Mammograms can save our lives. We all know that. As with any form of cancer, early detection greatly increases your chance of survival. So why do some of us not have them regularly?
This is somewhat of a confession piece for me, because I’m almost 60 but have never had a mammogram.
It should be a simple question to answer but isn’t.
You see, I don’t really know why. It’s largely a case of I just haven’t gotten around to it.
When I did finally decide to make the effort and do something about it and asked my doctor, he referred me for a full health check with a nurse, which is not what I wanted. I just wanted a mammogram. I did not want a full health assessment that would have required me to take three hours off work and a lecture on how I was overweight and unfit. I already knew that.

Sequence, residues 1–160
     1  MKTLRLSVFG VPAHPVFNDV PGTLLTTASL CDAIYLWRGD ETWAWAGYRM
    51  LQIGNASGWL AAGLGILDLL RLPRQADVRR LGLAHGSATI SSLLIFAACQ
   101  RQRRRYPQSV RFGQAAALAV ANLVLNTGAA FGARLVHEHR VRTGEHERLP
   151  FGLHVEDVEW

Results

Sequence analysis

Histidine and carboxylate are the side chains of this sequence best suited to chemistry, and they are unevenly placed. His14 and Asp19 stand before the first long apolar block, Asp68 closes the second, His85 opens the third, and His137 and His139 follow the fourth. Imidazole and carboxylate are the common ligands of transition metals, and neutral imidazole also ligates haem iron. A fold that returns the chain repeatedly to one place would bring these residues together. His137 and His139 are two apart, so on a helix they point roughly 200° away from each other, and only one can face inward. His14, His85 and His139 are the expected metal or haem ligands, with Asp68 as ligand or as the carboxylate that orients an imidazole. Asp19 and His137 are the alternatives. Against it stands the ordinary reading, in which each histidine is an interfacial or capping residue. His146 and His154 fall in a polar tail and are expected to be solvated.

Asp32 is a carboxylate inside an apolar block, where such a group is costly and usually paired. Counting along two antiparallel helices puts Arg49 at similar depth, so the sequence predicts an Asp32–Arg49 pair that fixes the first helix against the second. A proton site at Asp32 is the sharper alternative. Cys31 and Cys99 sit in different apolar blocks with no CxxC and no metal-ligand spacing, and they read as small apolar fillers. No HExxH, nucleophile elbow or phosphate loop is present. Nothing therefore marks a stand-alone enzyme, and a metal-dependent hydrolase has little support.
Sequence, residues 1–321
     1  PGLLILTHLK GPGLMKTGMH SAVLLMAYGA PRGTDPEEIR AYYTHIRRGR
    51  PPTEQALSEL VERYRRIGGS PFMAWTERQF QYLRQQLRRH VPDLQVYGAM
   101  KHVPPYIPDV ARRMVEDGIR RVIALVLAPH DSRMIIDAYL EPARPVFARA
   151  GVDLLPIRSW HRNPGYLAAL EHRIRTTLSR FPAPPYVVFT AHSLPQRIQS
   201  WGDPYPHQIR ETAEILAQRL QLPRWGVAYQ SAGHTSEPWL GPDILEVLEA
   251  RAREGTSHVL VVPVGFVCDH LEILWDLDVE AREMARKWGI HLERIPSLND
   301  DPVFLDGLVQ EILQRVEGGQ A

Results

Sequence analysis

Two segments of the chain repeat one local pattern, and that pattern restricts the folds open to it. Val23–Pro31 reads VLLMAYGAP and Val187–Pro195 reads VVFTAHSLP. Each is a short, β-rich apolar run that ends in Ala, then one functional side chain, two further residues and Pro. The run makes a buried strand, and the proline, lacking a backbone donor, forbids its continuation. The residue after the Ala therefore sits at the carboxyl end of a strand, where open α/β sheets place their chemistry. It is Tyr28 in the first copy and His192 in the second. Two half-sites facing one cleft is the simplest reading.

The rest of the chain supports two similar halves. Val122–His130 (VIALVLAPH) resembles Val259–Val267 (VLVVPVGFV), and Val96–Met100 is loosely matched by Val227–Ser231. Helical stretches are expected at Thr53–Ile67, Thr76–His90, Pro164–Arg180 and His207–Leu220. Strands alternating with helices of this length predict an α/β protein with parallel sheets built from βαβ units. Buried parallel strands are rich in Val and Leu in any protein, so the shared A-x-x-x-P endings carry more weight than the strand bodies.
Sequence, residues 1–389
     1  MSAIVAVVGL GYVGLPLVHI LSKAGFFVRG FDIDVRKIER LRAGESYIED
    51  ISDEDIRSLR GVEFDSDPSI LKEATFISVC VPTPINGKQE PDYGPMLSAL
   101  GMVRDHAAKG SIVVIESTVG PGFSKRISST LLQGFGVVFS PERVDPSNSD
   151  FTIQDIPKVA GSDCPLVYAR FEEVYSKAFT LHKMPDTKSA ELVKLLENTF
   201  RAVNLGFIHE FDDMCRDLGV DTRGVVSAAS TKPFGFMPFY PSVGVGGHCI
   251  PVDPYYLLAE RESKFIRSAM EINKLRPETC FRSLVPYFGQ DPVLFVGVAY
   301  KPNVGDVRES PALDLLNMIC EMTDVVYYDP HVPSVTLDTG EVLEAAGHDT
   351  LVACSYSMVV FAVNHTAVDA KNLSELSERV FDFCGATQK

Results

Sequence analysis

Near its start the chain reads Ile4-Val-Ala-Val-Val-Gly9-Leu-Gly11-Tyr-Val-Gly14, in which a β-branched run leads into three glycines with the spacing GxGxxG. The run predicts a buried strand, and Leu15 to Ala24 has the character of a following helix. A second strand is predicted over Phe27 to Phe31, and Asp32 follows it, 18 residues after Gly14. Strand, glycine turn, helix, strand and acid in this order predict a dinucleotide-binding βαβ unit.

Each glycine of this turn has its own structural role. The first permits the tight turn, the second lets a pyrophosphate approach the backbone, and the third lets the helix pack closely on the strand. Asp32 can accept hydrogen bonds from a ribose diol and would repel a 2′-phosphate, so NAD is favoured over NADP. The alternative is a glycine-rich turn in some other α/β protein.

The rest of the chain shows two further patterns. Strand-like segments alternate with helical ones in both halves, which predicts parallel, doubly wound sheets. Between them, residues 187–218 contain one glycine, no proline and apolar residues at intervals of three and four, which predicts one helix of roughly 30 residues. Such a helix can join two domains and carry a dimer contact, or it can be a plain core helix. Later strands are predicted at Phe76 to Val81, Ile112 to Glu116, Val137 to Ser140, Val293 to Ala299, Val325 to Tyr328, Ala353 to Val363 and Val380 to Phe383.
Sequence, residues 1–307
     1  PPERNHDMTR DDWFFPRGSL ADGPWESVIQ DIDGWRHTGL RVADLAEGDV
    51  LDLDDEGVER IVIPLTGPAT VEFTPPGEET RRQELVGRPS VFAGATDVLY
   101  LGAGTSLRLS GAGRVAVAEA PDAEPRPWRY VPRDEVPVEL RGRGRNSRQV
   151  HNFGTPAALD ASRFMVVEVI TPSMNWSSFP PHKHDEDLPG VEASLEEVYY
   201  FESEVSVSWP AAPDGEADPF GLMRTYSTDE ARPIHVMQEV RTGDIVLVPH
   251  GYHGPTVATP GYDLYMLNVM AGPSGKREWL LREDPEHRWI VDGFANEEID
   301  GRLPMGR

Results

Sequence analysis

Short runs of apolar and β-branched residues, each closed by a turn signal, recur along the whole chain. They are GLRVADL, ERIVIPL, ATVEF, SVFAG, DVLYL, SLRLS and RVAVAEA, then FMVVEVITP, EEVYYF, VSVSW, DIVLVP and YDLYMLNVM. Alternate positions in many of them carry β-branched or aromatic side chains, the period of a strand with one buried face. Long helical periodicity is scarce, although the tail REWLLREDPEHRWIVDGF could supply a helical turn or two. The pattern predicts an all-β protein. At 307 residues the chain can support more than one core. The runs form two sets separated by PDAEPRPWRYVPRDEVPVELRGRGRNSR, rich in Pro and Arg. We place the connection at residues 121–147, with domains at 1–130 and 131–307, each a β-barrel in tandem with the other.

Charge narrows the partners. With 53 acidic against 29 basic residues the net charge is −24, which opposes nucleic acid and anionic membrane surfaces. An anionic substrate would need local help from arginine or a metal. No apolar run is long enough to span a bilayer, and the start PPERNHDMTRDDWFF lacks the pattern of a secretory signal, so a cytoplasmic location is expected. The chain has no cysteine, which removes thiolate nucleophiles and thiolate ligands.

So, I didn’t have a mammogram.
Something has suddenly reminded me that that needs to change: photos of breast cancer survivors posing topless, proudly showing their scars.
— Donstatus (@Marquis_TheDon) November 18, 2014
I also read that breast cancer is the most common cancer in Australian women and one in eight women will be diagnosed with breast cancer before the age of 85.
The good news is, it is not hard to organise a mammogram and you don’t even have to go through your doctor if you don’t want to.
All women aged 50 to 74 years are encouraged to have a free mammogram every two years through BreastScreen Australia.
There are currently more than 500 free screening locations including mobile screening units covering rural and remote areas across Australia. To contact your local BreastScreen service all you have to do is call 13 20 50 for the cost of a local call.
I’m going to pick up the phone and ring them, what about you?
Let’s talk: Do you have mammograms regularly? If not, why not? What about your friends – is it something you have discussed with them?